With dam levels reaching a low of 22.7% with an increasing drop from 23.6% in just one week nearing the end of March, it is sure to say that the water crises in Cape Town are still an ongoing one. The city is listed under level 6B restrictions, which means that both the residents and visitors in Cape Town are only allowed to use 50 litres per person per day.
While this already seems normal to the city’s residents, to others it might seem like an extreme measure. Nevertheless, even foreigners have kept to the water usage limits and have helped the residents to push back day zero which was supposed to start in June of this year.
Water theft in Cape Town
Whilst this seems somewhat bizarre to the rest of the world, it is a serious offence to steal or consume water more than you’re allowed to as one is not only placing the risk on oneself but the entire city.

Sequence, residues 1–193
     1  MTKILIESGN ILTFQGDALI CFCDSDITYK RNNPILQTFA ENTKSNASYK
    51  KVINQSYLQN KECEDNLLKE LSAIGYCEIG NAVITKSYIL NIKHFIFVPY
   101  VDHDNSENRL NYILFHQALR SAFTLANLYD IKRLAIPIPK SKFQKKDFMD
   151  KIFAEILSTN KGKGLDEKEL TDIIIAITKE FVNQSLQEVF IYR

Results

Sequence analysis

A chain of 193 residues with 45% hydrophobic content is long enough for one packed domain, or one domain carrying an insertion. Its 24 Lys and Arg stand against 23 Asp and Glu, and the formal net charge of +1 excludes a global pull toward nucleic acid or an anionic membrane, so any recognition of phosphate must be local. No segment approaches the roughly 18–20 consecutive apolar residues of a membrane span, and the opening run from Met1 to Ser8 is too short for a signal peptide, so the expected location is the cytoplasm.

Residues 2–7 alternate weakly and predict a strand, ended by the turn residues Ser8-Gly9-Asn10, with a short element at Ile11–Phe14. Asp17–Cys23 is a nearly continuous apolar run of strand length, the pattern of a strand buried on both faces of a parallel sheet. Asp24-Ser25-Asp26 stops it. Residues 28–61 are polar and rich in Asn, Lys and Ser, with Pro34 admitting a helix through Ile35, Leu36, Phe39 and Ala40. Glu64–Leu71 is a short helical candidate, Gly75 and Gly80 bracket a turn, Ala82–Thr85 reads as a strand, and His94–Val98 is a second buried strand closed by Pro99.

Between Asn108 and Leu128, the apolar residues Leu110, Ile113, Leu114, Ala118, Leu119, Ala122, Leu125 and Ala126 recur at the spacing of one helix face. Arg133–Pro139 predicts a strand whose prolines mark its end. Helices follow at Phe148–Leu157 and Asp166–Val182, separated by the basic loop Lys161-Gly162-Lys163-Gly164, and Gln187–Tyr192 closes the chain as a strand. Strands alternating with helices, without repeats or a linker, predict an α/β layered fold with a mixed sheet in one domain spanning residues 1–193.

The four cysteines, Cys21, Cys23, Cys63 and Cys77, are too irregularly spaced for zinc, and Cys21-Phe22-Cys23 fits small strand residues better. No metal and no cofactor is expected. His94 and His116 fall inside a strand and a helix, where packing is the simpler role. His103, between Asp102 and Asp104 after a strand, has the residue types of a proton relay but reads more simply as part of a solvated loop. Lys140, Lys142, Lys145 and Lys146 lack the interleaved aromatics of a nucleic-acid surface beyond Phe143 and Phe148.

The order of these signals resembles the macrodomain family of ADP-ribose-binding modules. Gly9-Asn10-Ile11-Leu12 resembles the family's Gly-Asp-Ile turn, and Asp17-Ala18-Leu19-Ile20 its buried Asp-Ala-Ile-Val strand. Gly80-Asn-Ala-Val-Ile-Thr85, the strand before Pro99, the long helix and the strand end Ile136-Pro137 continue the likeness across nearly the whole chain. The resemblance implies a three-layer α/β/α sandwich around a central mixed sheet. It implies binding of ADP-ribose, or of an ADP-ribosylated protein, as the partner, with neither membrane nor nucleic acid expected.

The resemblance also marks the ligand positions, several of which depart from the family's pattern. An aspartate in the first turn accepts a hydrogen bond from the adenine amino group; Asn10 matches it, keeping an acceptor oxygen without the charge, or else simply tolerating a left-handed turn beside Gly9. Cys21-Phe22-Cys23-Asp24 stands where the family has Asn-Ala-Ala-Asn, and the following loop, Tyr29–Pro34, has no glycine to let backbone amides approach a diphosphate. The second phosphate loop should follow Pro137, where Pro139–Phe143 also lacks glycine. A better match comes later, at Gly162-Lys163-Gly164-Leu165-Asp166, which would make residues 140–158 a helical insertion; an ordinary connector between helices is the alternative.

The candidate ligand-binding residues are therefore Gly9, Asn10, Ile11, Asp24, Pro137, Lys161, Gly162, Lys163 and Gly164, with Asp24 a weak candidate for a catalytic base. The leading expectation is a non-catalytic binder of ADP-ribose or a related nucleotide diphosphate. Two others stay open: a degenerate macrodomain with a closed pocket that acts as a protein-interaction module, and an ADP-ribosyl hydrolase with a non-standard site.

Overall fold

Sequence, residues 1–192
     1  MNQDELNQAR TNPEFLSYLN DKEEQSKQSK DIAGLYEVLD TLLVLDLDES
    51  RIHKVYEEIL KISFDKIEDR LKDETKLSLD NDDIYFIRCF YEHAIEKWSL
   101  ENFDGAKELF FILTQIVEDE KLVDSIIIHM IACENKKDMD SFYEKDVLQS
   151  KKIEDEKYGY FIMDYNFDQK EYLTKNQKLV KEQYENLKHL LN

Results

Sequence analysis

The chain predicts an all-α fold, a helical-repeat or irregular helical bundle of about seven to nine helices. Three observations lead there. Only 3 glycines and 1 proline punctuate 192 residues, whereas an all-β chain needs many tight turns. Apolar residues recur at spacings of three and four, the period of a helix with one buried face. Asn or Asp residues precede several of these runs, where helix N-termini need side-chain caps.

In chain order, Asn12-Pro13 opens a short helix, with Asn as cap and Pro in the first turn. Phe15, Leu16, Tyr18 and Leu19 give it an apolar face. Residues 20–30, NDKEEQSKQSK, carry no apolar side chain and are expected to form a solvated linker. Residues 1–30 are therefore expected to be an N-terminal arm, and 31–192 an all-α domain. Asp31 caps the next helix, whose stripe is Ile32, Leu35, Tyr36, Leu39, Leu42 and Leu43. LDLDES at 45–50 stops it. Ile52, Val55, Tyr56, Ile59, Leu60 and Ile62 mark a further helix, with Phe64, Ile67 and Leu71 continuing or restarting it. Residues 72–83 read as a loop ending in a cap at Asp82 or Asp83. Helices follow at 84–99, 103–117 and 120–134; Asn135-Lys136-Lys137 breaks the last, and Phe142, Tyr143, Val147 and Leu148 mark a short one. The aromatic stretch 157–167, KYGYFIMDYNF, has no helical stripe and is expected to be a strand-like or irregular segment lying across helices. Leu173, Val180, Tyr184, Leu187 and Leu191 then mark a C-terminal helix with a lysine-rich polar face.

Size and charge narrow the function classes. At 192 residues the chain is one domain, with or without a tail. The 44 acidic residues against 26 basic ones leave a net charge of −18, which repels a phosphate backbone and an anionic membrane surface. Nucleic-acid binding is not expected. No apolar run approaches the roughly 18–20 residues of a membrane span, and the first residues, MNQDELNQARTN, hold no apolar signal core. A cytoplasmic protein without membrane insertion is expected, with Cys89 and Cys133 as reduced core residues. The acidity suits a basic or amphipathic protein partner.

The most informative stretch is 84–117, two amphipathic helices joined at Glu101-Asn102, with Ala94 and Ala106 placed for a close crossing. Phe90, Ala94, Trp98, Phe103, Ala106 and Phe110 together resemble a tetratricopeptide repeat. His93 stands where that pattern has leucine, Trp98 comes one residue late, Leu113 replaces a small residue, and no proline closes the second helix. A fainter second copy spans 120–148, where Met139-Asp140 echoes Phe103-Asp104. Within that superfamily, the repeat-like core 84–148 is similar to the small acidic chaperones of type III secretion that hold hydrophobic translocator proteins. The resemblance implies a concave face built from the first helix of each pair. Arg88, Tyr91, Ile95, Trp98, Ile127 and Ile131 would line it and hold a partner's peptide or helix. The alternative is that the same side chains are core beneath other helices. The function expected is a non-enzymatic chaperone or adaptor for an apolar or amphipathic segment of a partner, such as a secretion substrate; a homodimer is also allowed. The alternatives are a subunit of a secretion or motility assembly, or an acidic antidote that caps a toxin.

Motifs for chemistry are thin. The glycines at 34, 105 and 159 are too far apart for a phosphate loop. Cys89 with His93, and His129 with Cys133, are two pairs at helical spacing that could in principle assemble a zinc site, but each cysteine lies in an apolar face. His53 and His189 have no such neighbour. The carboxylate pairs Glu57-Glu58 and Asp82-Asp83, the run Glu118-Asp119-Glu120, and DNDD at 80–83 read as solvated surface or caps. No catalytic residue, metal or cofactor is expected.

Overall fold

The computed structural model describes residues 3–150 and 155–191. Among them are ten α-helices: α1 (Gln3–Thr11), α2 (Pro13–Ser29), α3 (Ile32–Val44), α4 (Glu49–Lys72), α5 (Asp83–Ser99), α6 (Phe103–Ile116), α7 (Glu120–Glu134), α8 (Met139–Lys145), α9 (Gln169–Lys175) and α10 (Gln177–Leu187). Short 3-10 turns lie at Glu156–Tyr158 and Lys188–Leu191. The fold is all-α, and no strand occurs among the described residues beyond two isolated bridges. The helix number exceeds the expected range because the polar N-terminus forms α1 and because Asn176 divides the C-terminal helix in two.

Crime regarding the water crisis luckily has not been too high and people have been saving wherever they can.
New hope for water resources
The city has started to plan for day zero, highlighting aquifer sites that will be able to sustain all residents and future visitors. These sites are located in the Cape Flats, Atlantis, as well as Table Mountain which is expected to pump up to 60 million litres of fresh water a day. Although this seems like good news, plans to activate these resources are yet to be put in place.
Cape Town has shown immense support regarding the water crisis. They have saved so much water in fact, that they changed the fate of day zero to as far as 2019. With prospective plans to put water resources in place and further saving, the city’s water crisis might even be able to be salvaged.
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